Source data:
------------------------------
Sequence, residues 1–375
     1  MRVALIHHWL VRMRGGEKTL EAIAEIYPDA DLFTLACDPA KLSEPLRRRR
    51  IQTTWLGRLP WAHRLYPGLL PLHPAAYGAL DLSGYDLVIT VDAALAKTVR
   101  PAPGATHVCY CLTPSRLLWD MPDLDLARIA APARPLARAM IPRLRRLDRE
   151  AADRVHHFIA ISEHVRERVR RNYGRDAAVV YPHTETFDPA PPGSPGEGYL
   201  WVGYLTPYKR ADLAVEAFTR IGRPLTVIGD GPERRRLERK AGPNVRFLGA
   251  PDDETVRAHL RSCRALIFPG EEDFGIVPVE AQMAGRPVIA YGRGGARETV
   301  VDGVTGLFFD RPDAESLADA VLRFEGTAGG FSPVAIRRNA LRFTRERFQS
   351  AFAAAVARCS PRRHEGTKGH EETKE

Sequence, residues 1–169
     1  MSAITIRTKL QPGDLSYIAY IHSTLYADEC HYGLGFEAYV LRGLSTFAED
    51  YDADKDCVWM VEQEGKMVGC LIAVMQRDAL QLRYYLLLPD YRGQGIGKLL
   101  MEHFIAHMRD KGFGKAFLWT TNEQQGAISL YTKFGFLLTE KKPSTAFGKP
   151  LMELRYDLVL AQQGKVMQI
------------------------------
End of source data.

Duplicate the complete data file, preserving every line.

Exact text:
Sequence, residues 1–375
     1  MRVALIHHWL VRMRGGEKTL EAIAEIYPDA DLFTLACDPA KLSEPLRRRR
    51  IQTTWLGRLP WAHRLYPGLL PLHPAAYGAL DLSGYDLVIT VDAALAKTVR
   101  PAPGATHVCY CLTPSRLLWD MPDLDLARIA APARPLARAM IPRLRRLDRE
   151  AADRVHHFIA ISEHVRERVR RNYGRDAAVV YPHTETFDPA PPGSPGEGYL
   201  WVGYLTPYKR ADLAVEAFTR IGRPLTVIGD GPERRRLERK AGPNVRFLGA
   251  PDDETVRAHL RSCRALIFPG EEDFGIVPVE AQMAGRPVIA YGRGGARETV
   301  VDGVTGLFFD RPDAESLADA VLRFEGTAGG FSPVAIRRNA LRFTRERFQS
   351  AFAAAVARCS PRRHEGTKGH EETKE

Sequence, residues 1–169
     1  MSAITIRTKL QPGDLSYIAY IHSTLYADEC HYGLGFEAYV LRGLSTFAED
    51  YDADKDCVWM VEQEGKMVGC LIAVMQRDAL QLRYYLLLPD YRGQGIGKLL
   101  MEHFIAHMRD KGFGKAFLWT TNEQQGAISL YTKFGFLLTE KKPSTAFGKP
   151  LMELRYDLVL AQQGKVMQI